Ibrahimi mosque checkpoint
A Hebron businessman is the source for our title phrase. He meant that checkpoints were killing his business and those of others. Checkpoints make transport more difficult because permits are necessary to use Israel’s apartheid highways. The requirement for a permit often leads to extortion by Israeli security agents to force the Palestinian applicant to become a collaborator. “We would like to help you move your goods through these checkpoints and if you help us by reporting how often so-an- so comes to your business and for what purpose, we will help you get your permit. This puts the storeowner between a rock and a hard place. He must work to support his family, but he doesn’t want to betray members of his community.
Many shopkeepers in the Old City cannot afford a truck, so their suppliers use handcarts that they must push through the gates at the checkpoint. These are locked electronically and how long the wholesaler must wait for it to be opened depends on the mood of a young soldier with a gun who pushes the release button. This could be immediately upon request or 10 to 15 minutes later or even longer. All this adds costs: for the permit to enter Jerusalem where the checkpoint permits are issued; for the travel to Jerusalem; for the checkpoint permit itself; for the time consumed in the process. Trucks and carts can be held up for hours at any checkpoint.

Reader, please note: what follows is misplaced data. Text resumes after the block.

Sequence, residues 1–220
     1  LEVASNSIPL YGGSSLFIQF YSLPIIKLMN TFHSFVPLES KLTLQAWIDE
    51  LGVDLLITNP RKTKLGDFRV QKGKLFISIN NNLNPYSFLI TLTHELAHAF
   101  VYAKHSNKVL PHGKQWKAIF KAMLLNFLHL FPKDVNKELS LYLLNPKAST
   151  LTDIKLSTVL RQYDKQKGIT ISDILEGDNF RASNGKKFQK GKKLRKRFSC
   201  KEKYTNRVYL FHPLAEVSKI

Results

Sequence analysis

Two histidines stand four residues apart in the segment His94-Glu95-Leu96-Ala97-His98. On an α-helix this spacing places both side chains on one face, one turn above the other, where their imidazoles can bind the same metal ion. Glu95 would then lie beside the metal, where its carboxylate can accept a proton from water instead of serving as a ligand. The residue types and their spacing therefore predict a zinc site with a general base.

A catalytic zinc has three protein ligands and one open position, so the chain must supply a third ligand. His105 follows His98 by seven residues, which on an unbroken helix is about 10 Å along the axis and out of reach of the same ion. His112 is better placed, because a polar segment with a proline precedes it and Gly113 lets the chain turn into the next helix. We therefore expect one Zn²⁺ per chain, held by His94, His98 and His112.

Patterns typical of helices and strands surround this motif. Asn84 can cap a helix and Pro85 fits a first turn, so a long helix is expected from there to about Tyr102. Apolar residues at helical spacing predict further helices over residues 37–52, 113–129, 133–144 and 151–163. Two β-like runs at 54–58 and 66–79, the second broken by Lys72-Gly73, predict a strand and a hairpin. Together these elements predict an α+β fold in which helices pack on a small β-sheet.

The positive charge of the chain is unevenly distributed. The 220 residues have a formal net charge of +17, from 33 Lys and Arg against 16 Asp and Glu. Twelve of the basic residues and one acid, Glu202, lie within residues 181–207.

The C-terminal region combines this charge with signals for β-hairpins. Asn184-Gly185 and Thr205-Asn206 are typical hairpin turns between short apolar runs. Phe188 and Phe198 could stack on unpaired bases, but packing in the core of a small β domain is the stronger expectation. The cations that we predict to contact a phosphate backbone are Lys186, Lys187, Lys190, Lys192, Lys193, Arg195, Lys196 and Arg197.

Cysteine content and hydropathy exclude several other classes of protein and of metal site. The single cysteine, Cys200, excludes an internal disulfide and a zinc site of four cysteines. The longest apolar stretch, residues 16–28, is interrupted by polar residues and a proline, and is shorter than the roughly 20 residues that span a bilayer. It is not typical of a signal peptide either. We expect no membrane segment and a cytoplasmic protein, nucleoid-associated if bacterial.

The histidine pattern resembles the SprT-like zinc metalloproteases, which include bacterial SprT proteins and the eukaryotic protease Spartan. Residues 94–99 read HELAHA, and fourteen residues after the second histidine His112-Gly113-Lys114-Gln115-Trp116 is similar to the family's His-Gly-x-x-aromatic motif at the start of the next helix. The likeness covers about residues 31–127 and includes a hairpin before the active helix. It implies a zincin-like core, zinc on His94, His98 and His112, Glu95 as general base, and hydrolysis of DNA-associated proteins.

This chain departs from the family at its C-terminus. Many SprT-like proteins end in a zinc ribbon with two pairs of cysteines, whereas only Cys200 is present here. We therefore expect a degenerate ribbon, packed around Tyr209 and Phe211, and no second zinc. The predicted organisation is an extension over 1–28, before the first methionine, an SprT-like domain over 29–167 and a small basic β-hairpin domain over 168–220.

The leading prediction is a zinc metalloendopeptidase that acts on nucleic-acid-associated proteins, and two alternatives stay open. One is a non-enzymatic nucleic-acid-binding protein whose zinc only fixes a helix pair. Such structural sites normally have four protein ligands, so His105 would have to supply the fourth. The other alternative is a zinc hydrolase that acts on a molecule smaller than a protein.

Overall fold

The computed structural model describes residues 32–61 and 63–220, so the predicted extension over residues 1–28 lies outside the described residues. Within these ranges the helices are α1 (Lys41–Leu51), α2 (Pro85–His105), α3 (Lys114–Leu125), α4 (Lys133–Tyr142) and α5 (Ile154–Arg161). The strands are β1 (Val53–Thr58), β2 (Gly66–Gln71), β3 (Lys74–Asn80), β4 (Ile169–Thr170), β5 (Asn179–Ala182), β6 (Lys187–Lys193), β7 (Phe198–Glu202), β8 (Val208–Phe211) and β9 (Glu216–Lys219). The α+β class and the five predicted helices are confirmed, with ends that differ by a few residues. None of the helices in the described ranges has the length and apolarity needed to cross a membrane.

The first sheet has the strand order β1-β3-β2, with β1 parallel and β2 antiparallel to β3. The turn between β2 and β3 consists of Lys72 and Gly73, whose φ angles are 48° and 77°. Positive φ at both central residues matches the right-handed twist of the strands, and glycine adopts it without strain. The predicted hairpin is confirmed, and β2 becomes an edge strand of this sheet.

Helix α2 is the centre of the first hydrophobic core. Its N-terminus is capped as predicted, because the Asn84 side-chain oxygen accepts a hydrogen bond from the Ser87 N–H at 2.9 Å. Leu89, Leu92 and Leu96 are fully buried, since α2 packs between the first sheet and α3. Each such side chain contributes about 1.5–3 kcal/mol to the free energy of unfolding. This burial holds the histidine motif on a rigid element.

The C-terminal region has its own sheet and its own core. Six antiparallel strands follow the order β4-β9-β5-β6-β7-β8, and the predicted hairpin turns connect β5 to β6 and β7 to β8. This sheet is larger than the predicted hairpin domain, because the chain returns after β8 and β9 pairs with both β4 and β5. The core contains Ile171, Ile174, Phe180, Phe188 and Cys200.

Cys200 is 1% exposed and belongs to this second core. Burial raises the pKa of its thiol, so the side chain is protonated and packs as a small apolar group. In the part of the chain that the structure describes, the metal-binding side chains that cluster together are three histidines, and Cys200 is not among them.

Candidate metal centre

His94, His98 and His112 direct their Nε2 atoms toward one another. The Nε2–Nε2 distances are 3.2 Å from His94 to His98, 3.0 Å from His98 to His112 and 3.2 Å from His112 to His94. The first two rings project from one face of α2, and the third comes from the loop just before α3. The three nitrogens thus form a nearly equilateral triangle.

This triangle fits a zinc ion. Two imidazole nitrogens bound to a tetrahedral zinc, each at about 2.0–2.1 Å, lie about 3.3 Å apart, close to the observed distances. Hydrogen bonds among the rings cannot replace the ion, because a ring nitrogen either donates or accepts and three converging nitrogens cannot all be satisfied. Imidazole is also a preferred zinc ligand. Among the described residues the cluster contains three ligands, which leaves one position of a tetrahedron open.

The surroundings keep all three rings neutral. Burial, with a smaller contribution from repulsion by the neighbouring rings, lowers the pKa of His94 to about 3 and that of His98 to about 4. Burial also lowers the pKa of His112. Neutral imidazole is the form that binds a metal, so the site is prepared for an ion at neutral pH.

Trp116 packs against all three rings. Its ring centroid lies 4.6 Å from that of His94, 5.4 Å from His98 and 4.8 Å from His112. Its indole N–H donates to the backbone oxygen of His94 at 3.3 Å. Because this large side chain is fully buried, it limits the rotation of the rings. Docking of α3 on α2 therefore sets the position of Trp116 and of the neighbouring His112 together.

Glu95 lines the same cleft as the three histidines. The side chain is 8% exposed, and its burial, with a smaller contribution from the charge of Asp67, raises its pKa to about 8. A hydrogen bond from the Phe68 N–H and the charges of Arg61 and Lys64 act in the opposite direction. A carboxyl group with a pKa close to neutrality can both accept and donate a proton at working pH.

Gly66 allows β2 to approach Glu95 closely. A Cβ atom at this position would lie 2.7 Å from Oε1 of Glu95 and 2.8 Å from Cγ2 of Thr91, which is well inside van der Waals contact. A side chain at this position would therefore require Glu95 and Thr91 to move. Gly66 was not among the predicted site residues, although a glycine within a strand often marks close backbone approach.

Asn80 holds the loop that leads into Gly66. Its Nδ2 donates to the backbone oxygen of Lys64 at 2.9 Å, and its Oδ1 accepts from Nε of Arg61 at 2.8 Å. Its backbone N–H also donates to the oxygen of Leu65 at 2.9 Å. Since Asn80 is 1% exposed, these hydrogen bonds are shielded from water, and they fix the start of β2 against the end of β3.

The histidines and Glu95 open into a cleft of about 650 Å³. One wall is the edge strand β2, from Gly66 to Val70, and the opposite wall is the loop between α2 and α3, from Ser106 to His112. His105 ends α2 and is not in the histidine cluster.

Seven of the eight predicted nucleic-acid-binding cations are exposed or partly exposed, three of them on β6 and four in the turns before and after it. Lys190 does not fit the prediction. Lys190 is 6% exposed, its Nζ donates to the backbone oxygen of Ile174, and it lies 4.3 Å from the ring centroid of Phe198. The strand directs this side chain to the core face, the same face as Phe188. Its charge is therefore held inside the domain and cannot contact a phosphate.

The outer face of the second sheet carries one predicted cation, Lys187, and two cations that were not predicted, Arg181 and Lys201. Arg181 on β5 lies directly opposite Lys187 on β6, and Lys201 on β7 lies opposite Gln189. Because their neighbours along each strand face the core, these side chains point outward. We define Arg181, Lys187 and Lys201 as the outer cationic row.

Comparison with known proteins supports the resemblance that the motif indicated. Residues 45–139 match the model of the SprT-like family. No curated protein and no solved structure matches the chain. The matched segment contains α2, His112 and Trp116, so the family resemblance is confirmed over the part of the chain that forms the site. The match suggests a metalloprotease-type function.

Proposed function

If forced to become a collaborator with Israeli forces, people face punitive dangers from their neighbors both to themselves and their families, if discovered. We in the West have seldom experienced checkpoints. (Except for the Irish – and why do the Irish have to be so different, anyway?) Perhaps the police in the West prevent us from using a street temporarily because of construction or a large passing parade or demonstration. Or we a cop may prohibit us from using a parking lot near a sports stadium. But in Palestine, according to the UN Office for Coordination of Humanitarian Affairs, there are hundreds of permanent and semi permanent checkpoints … or only thirteen, as counted by the Israeli Military.